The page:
JOI CARDWELL / “Joi Cardwell Mixtape”
Unless you’re into house music, you’ve probably never heard Joi Cardwell, but let me nudge you a bit beyond normal comfort levels and encourage you to consider one of the most progressive vocalist on the contemporary scene.
Wait a minute, Kalamu, what you mean “progressive” and talking about thump-thump-thump-thump, four on the floor, all electronic, no acoustic instruments, drug-induced, crazy-ass club music that all sounds the same! Yeah, I know what you thinking but even in a blizzard, each snowflake is different—you just have to understand how to see what you're looking at.
I’m a sunshine kind of guy, don’t even dig chilly weather, not to mention snow but to every temperature, it’s own beauty. So here we go, ride with me.
What first attracted me to Joi Cardwell were here lyrics. You don’t even have to listen closely to know that there is something more going on with her music.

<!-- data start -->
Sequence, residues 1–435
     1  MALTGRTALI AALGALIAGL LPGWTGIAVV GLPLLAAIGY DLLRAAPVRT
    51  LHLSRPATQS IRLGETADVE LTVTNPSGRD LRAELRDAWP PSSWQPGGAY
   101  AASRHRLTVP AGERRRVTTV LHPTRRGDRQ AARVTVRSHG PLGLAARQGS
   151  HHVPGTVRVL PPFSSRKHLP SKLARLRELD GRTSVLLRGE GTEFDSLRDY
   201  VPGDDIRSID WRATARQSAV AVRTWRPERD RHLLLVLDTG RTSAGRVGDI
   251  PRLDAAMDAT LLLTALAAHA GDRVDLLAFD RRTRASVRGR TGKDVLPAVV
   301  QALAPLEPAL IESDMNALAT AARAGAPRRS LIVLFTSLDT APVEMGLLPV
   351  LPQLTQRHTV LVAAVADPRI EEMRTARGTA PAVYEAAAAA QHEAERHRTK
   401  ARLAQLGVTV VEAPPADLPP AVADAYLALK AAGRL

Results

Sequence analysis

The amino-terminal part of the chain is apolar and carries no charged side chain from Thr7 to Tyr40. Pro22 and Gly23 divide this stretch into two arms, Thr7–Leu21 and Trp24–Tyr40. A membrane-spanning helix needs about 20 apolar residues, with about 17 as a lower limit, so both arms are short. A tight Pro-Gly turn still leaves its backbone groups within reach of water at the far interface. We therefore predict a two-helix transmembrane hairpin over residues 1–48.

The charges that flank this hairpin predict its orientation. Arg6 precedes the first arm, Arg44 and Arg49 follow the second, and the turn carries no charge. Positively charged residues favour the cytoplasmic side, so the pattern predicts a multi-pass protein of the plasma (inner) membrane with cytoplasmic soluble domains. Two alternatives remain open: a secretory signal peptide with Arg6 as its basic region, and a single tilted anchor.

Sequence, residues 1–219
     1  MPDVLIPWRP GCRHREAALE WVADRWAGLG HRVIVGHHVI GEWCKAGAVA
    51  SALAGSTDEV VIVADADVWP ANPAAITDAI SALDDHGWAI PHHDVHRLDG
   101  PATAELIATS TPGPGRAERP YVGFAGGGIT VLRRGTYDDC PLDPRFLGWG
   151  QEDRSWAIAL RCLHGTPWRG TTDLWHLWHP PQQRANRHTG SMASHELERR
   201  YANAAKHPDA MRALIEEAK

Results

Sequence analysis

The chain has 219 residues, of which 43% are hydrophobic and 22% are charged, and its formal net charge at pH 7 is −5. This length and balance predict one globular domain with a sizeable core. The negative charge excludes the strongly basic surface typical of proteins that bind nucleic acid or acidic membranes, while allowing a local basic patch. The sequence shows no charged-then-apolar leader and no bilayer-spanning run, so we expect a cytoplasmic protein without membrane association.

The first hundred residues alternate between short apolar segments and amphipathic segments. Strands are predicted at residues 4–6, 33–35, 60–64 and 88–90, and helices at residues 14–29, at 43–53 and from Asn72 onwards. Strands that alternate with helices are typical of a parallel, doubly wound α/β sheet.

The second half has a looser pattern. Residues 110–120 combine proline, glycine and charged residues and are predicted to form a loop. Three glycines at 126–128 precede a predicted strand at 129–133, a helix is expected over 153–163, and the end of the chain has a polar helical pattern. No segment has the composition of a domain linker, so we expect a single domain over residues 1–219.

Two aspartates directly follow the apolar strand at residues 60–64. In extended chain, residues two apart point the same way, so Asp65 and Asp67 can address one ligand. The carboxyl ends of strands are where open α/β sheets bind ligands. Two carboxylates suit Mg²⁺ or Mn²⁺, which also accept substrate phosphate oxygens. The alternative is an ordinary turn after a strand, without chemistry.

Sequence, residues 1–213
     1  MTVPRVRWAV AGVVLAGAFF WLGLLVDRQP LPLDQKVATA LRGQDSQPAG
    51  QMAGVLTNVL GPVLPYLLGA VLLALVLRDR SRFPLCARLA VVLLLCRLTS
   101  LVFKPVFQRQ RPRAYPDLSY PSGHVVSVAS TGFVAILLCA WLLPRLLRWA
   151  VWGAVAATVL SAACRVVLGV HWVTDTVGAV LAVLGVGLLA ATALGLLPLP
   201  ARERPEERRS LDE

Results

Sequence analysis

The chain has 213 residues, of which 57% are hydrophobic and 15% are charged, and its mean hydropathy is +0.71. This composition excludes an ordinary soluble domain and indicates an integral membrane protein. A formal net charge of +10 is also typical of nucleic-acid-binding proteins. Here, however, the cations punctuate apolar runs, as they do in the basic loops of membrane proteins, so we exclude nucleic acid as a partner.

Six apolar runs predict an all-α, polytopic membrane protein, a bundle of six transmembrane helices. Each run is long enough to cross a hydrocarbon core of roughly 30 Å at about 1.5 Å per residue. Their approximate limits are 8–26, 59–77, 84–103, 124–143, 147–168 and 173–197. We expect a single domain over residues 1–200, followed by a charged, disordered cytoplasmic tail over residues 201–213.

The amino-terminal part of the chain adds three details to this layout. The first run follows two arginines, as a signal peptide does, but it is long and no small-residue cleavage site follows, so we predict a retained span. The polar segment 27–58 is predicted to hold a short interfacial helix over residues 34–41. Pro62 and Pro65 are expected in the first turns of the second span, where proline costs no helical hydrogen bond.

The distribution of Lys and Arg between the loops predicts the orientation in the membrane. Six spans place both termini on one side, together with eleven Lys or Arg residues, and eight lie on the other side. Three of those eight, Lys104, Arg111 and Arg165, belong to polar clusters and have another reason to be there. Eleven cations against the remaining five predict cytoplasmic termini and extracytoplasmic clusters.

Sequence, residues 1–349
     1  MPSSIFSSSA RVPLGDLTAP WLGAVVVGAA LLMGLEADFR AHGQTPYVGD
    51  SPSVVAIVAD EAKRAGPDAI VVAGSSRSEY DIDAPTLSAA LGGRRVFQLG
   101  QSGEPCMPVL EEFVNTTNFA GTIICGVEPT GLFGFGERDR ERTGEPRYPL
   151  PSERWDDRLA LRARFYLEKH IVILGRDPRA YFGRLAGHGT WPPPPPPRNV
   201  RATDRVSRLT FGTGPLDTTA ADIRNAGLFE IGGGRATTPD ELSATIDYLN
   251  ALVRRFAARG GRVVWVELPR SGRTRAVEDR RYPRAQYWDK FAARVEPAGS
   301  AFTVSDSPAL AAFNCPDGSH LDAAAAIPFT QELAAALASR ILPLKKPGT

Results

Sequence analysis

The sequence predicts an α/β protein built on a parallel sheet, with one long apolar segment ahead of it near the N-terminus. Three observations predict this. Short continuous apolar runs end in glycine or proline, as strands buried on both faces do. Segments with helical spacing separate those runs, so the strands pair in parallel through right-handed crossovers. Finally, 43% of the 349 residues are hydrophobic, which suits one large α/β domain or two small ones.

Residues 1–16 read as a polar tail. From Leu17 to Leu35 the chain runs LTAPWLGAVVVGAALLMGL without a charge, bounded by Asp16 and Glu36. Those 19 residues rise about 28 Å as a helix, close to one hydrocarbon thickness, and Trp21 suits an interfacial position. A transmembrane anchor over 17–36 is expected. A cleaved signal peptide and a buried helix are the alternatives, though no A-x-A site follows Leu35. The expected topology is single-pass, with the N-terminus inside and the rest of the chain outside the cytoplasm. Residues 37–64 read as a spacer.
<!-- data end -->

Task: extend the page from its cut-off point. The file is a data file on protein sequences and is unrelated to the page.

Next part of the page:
Second, was the variety and range of her creations, far, far beyond what is normal on the club scene, or, as she says, she sings a whole more than “125-137 BPM (beats per minute).” Listen to the variety of approaches on this Mixtape. Joi is seriously conscious of making a variety of music not withstanding that she is primarily a dance music artist.
Like Joi sings, “could it be that I’m just misunderstood?”
But beyond the mis-communication, the big ish that sealed the deal for me was her business savvy and self-determination. What you talking about Kalamu? You saying money is the bottom line? Naw, naw, flip it. I mean the exact opposite. While a lot of people are trying to make as many Benjamins as quickly as they can, Joi took a different route. Let me break it down plain: Joi Cardwell owns her entire recording catalogue.